That horde of grotesque, dusky, steroid-sodden, half-naked, latent homosexuals stampeding like spongiform encephalopathy-ridden buffaloes, pausing frequently to writhe in the mud, groping thighs and grinding their faces between one another’s buttocks – the Rugby Sevens, in short – is back in town. For the small elect of Hong Kong’s western population who are too cool to join the crowds marching zombie-like to the stadium, it is just another weekend. For fans of contrived, ritualized, anonymous, mass-fun made bearable by alcohol poisoning, it is the, or at least a, highlight of the year.
Yet, even though an outsider, I get a sense that the event has seen its glory days. I recall the heart-rending piteous misery and grief of innocent expat men, women and children railing on radio phone-ins at the injustice of a ticket distribution system that apparently allocated most of the seats to mysterious and no doubt evil sporting and corporate entities, leaving the downtrodden public to starve. I remember the blistering righteous fury of the Anglo-Saxon lynch mob against the dreaded ‘touts’ – the scalpers who applied the immutable laws of supply and demand and sold precious tickets for whatever the market would fetch. And who can forget the war stories told by survivors about the lines for the toilets?
Nowadays, at least to a distant onlooker regarding no more than an anthropological curiosity, it seems more organized, sanitized and therefore predictable and stale. It is about as exciting as Christmas. The Hong Kong government, I am reliably informed, has sponsored a huge light box on Gloucester Road greeting the Sevens in perfect Chinese – with an English translation referring to the event as ‘Mini Rugby’, the kids’ tournament played (if I recall correctly) as spectators drift into the ground on Saturday morning. When civil servants start trying to help it along, can the end be far away? Lan Kwai Fong Inc herds dazed fans emerging at the end of the day onto buses for transportation to the city’s fakest and most over-priced bars. Historians will ask why they put up no resistance.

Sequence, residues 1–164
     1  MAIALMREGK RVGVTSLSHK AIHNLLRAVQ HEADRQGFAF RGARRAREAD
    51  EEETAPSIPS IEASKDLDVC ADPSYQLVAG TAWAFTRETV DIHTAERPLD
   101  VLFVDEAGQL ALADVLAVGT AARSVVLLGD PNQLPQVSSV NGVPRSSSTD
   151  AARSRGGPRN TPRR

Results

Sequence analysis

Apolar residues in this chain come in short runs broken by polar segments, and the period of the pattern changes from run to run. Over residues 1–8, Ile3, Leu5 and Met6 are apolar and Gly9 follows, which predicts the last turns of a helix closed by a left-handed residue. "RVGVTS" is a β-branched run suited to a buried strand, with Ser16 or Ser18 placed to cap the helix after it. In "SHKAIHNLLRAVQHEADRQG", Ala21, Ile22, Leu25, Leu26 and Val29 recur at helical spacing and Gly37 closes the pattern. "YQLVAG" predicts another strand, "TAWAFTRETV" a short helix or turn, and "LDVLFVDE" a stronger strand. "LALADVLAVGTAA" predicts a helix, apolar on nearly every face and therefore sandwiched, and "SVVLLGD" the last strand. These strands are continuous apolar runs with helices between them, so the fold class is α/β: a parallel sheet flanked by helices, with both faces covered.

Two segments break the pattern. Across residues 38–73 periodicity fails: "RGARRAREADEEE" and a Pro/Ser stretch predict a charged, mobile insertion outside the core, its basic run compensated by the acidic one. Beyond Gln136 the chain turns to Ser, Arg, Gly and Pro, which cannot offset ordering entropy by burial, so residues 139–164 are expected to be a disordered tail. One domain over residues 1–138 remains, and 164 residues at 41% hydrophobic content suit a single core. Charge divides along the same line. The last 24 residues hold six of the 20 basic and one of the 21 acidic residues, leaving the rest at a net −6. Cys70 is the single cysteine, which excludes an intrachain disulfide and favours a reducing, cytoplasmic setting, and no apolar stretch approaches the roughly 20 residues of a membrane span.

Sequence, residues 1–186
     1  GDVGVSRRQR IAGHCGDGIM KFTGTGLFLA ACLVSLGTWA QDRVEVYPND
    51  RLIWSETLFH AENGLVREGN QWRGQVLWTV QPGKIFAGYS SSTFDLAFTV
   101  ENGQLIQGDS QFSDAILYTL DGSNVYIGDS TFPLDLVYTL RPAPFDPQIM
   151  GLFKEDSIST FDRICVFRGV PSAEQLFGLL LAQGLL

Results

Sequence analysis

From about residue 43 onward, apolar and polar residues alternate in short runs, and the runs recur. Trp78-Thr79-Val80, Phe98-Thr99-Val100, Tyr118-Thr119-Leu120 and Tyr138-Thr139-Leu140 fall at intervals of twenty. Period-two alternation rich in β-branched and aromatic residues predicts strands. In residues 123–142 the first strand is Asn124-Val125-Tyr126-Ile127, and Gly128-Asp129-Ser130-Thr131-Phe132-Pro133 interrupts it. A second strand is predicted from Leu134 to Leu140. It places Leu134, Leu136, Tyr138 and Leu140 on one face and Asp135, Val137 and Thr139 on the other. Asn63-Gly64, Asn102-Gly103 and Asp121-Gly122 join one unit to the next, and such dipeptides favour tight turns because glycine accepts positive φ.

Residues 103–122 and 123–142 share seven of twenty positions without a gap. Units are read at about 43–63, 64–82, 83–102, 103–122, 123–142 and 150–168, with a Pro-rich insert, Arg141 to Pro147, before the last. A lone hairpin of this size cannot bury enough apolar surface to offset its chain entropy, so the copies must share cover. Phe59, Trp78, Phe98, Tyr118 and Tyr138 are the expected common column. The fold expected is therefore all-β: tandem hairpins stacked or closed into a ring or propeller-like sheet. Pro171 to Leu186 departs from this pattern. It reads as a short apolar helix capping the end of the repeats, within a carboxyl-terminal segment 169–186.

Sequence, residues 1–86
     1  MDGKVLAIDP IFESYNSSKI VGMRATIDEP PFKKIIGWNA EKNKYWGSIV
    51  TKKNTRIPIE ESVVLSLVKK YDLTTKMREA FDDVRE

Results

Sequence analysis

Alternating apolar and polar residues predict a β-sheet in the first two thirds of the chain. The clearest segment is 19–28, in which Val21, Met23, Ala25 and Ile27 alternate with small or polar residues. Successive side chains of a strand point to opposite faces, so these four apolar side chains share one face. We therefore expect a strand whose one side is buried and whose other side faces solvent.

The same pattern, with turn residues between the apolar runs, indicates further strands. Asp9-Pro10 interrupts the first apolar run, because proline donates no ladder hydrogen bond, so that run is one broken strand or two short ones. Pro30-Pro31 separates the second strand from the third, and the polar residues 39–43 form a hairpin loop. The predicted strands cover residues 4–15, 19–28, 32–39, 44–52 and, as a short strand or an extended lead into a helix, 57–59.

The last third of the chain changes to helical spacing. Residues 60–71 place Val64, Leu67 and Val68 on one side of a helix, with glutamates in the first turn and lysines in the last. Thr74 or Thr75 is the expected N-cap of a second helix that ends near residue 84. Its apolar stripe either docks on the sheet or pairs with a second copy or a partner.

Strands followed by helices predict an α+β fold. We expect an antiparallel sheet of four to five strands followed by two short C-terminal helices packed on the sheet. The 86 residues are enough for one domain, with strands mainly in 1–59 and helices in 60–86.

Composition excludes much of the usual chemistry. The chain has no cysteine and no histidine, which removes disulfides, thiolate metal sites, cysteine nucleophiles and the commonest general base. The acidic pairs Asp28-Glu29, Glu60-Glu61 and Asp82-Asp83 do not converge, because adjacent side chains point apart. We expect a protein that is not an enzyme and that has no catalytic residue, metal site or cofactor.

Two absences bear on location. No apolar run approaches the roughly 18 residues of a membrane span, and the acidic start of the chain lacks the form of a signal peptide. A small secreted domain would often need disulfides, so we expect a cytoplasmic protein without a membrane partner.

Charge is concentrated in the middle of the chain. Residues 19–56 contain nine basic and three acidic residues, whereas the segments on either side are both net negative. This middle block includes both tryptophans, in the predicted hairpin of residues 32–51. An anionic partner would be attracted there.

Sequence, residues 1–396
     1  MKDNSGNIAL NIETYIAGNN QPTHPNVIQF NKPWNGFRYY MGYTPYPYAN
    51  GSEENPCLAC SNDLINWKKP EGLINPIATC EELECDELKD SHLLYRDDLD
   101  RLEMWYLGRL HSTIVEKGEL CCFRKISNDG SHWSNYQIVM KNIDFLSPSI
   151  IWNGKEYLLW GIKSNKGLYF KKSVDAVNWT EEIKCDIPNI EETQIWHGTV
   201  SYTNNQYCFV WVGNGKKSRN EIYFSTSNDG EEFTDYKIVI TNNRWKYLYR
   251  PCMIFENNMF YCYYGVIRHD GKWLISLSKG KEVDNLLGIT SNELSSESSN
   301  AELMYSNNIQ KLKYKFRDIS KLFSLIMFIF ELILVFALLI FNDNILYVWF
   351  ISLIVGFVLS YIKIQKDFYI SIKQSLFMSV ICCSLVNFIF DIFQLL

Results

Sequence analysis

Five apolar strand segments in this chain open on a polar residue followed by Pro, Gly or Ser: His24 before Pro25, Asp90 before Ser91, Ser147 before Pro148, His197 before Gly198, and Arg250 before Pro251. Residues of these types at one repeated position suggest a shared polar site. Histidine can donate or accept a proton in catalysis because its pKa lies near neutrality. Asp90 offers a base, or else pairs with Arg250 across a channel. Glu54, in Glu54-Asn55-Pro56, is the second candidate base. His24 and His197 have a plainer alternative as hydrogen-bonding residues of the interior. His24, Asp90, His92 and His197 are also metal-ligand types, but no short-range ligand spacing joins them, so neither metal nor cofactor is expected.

If I were more public-spirited, I would intercept the families, couples and boisterous little mobs on their way to Happy Valley, all obediently wearing their sponsored rugby shirts, and try to talk them out of it. “You’ve been brainwashed!” I’d say. “You think you’re enjoying yourselves, but you’re not – you just think you are. You’ve been conditioned to believe this is pleasurable through subliminal propaganda and communal reinforcement. One glimpse of a monster Fijian bicep, and you salivate for a San Miguel! You’re being used! Rise up! Be free! You don’t have to do this! Enjoyment is a spontaneous, magical moment of glee, not something you put your diary!”
But I can’t be bothered. I will, however, have authentic fun.
I declare the weekend open.